Suzi, a neighbor and friend, had taken my nine-year-old daughter, Christina-Taylor, to an outdoor event hosted by Congresswoman Gabrielle Giffords.
"What happened?" I said. "An accident?"
"I wasn't told anything, just that we need to get there."
The drive to the UMC would take me right past where Suzi and Christina-Taylor were to have seen the congresswoman.
I told my son, Dallas, "Get your shoes on and grab a jacket, because we have to go to the hospital."
"What's going on, Mom?" "I'm not sure. Just pray everything will be okay, all right?"
We don't wear it on our sleeves, but praying is a normal thing for our family. Dallas and I were both praying silently, hardly knowing what to ask for.
I called my husband, John, but had to leave a message; we had to get going. As I neared the Safeway in La Toscana Village Mall, I saw emergency vehicles, flashing lights, and barricades. I was going to have to go the back way.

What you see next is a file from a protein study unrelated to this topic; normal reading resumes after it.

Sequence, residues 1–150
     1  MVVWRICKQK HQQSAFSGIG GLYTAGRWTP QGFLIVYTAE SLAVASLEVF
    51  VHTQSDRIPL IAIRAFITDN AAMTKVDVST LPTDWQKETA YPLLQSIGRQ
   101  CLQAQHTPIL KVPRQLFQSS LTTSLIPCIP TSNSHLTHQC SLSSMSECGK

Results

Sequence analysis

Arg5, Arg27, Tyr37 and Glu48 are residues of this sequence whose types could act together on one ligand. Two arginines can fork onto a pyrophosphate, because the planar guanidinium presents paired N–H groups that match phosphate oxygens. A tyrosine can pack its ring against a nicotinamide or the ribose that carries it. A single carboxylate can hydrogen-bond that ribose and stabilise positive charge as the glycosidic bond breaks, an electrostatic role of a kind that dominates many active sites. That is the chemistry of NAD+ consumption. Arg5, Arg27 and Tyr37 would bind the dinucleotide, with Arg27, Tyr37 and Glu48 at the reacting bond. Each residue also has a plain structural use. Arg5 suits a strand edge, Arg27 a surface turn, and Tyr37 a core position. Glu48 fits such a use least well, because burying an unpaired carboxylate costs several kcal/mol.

I wound up on the south end of the strip mall and saw people wandering about and yellow police tape around the plaza. If Suzi's little car had gotten caught in a major pileup, maybe it was a more serious accident than I thought.
Christina-Taylor and Suzi had to be okay though, right? That's not my life; serious things don't happen to my family and friends.
I reached the hospital just before 11 a.m., but when I followed the signs to the emergency room, I found the entrance blocked off with police cars and ringed with camera crews and news trucks.
Suddenly I had a one-track mind. I needed to find a place to park so I could get in there and make sure Christina-Taylor was all right. I told myself everything would be all right once I reached her. I just wanted answers, to know my daughter was okay. I could deal with anything else, no matter how serious.
In the ER I went to a woman behind the counter and introduced myself. She said, "Wait here just a minute."